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It has long been settled that mistreatment based prohibited characteristics (such as race or sex) is actionable under Title VII even without a tangible employment action – e.g., termination, demotion, or pay cut. These are often referred to as hostile-environment claims. A hostile-environment claim under Title VII requires evidence of mistreatment that is sufficiently severe or persuasive that it can be said to alter the terms or conditions of employment. This measure is meant to draw a dividing line between trivial slights and substantial discrimination.

Nearly a decade ago, the Supreme Court clarified that mistreatment based on retaliation for protected conduct is likewise actionable under Title VII without a tangible employment action. However, the test is different. A retaliatory-hostile-environment claim is actionable when the mistreatment “well might have dissuaded a reasonable worker from making or supporting a charge of discrimination.” Burlington Northern & Santa Fe Railway Co. v. White, 548 U.S. 53, 57 (2006).

Accordingly, when dealing with hostile environment caused by retaliation, the court must ask if the mistreatment would have dissuaded a reasonable worker from making a claim of discrimination. When confronted with a hostile-environment-claim stemming from race or sex, the court must ask if the mistreatment was sufficiently severe or persuasive to alter the conditions employment.

Although this dichotomy has long been viewed as settled law, there exists an outlier case in the Eleventh Circuit applying the old standard: Gowski v. Peake, 682 F.3d 1299, 1312 (11th Cir. 2012). In Gowski, the court remarked that a retaliatory-hostile-environment claim still required proof that the mistreatment was “sufficiently severe or pervasive to alter the terms and conditions of employment, thus constituting an adverse employment action.” Gowski, 682 F.3d at 1312.

The Eleventh Circuit has now clarified its position—Gowski is a dead letter.

Monahan v. Worldpay, No. 17-14333 (11th Cir. Apr. 2, 2020)

In 2014, Atlanta-based Worldpay U.S. Inc. hired Susan Monaghan to work as an executive assistant. Although brief, Monaghan’s tenure was marred with conflict. Her immediate supervisor, a black female, made a number of race-and age-based comments that Monaghan reported to other executives. The complaints were not well received. According to Monaghan, she was told to stop complaining because “Worldpay did not want to get sued.”

Things further escalated when Monaghan’s supervisor learned of the complaints. She called Monaghan into “a conference room and berated her for about 45 minutes.” Monaghan was told “she was fucked” and “her days working for Worldpay were numbered.” Several executives were aware of what occurred, but they did nothing. Monaghan was briefly assigned to another supervisor, but this person allegedly ignored her.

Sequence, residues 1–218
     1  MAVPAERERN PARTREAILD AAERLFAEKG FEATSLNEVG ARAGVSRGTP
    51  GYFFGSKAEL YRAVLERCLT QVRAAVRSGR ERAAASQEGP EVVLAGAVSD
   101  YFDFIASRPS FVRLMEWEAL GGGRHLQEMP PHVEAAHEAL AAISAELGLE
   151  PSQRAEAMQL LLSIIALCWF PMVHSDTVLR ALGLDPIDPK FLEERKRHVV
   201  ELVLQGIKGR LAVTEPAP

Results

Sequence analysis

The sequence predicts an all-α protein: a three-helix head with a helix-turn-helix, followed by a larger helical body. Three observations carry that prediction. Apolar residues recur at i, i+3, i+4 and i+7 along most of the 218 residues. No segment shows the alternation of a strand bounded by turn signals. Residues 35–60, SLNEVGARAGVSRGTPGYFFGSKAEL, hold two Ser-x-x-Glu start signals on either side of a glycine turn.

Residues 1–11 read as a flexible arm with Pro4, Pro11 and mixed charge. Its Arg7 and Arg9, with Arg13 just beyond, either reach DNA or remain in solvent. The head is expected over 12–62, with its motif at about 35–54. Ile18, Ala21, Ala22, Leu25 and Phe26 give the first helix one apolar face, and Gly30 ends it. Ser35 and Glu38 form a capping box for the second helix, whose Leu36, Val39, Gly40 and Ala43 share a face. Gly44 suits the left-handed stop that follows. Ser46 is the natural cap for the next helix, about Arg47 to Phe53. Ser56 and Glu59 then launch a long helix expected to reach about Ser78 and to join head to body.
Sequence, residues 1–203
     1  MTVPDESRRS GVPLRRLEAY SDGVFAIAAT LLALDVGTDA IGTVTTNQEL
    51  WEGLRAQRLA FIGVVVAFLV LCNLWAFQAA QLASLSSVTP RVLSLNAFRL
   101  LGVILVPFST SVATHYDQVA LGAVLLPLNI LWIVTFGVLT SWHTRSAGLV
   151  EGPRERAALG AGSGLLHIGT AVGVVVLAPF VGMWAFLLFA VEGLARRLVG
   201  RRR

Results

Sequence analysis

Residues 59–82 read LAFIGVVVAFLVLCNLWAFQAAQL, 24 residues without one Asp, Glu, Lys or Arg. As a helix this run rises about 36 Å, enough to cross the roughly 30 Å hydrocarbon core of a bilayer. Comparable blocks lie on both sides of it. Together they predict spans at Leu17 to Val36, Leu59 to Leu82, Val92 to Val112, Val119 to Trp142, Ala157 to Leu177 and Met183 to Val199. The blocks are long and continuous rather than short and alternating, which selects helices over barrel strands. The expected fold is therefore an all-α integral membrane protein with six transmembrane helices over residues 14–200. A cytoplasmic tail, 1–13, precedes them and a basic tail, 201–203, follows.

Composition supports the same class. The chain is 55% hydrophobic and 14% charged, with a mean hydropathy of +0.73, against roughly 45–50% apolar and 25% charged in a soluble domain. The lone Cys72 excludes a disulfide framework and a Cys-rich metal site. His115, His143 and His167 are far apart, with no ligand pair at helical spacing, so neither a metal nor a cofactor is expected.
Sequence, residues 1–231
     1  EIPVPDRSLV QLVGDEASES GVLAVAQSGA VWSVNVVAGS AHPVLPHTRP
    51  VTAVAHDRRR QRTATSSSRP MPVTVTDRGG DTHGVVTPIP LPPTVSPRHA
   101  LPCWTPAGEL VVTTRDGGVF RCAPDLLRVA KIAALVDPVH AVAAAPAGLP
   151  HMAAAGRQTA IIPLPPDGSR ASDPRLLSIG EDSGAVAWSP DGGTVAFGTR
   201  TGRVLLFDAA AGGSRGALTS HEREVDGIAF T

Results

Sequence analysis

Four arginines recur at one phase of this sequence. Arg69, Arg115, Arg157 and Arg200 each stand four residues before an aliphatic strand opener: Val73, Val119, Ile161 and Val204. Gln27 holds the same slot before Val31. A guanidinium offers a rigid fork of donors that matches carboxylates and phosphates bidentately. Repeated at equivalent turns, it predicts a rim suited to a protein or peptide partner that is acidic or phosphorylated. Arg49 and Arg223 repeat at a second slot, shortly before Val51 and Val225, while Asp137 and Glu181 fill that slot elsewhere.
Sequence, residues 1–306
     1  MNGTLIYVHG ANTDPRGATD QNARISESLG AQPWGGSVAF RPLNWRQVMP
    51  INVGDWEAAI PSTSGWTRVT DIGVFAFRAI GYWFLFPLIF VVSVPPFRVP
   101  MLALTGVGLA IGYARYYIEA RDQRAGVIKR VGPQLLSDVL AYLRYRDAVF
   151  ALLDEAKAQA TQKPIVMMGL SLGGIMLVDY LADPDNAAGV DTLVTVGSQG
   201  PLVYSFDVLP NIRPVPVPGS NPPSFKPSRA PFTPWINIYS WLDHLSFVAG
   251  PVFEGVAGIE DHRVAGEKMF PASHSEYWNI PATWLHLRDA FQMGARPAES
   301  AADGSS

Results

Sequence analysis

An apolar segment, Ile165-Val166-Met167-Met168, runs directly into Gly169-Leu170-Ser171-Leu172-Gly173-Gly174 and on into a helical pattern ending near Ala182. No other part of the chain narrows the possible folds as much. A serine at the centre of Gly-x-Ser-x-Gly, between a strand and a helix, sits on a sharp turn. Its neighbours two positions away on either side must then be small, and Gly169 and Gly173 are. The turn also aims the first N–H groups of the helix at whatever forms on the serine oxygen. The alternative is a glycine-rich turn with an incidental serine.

Worldpay elected to terminate Monaghan at the conclusion of her 90-day probationary period, claiming a “lack of confidence, lack of trust, and lack of teamwork.” But Monaghan heard she was being discharged for “complain[ing] and complain[ing]” to the executives, that they were tired of her “complaining,” and she did not “fit in with” Worldpay. Monaghan filed suit raising a host of claims, including retaliation under Title VII.

Worldpay moved for summary judgment at the conclusion of discovery. The district court liberally interpreted Monaghan’s complaint as raising two theories of retaliation: Worldpay retaliated against her

  1. when it terminated her employment because of her protected activity (i.e., the complaints), and
  2. when her supervisor created a hostile work environment after learning of the complaints.

The court conceptualized the second theory as a “retaliatory hostile work environment claim,” and borrowing from Gowski, concluded that the alleged retaliation had to be sufficiently severe or persuasive to alter the conditions of Monaghan’s employment. After examining the record, the district concluded that Monaghan could not meet this threshold, and her hostile work environment claim accordingly failed.

Eleventh Circuit Ditches Gowski

The Eleventh Circuit reversed on appeal, concluding the district court applied the wrong standard. Mistreatment based on retaliation is actionable whether or not it is “severe or pervasive.” Claims of this kind instead arise if the mistreatment “well might have dissuaded a reasonable worker from making or supporting a charge of discrimination.” Accordingly, the district court erred by focusing on whether Monaghan experienced severe or pervasive mistreatment at the hands of her supervisor. As for Gowski, the Court concluded it was wrongly decided. The Supreme Court’s standard controls in all claims alleging retaliation:

retaliation is material if it well might have dissuade[d] a reasonable worker from making or supporting a charge of discrimination.”

Decision Creates Lower Standard

Although largely academic, the ruling in Monaghan has real world consequences. Claimants who would otherwise be barred under Title VII for failure to show an alteration to the terms or conditions of employment have a better chance of reaching the courthouse steps. The retaliation standard protects employees more broadly—and is more easily satisfied—than the standard applicable to claims of discrimination.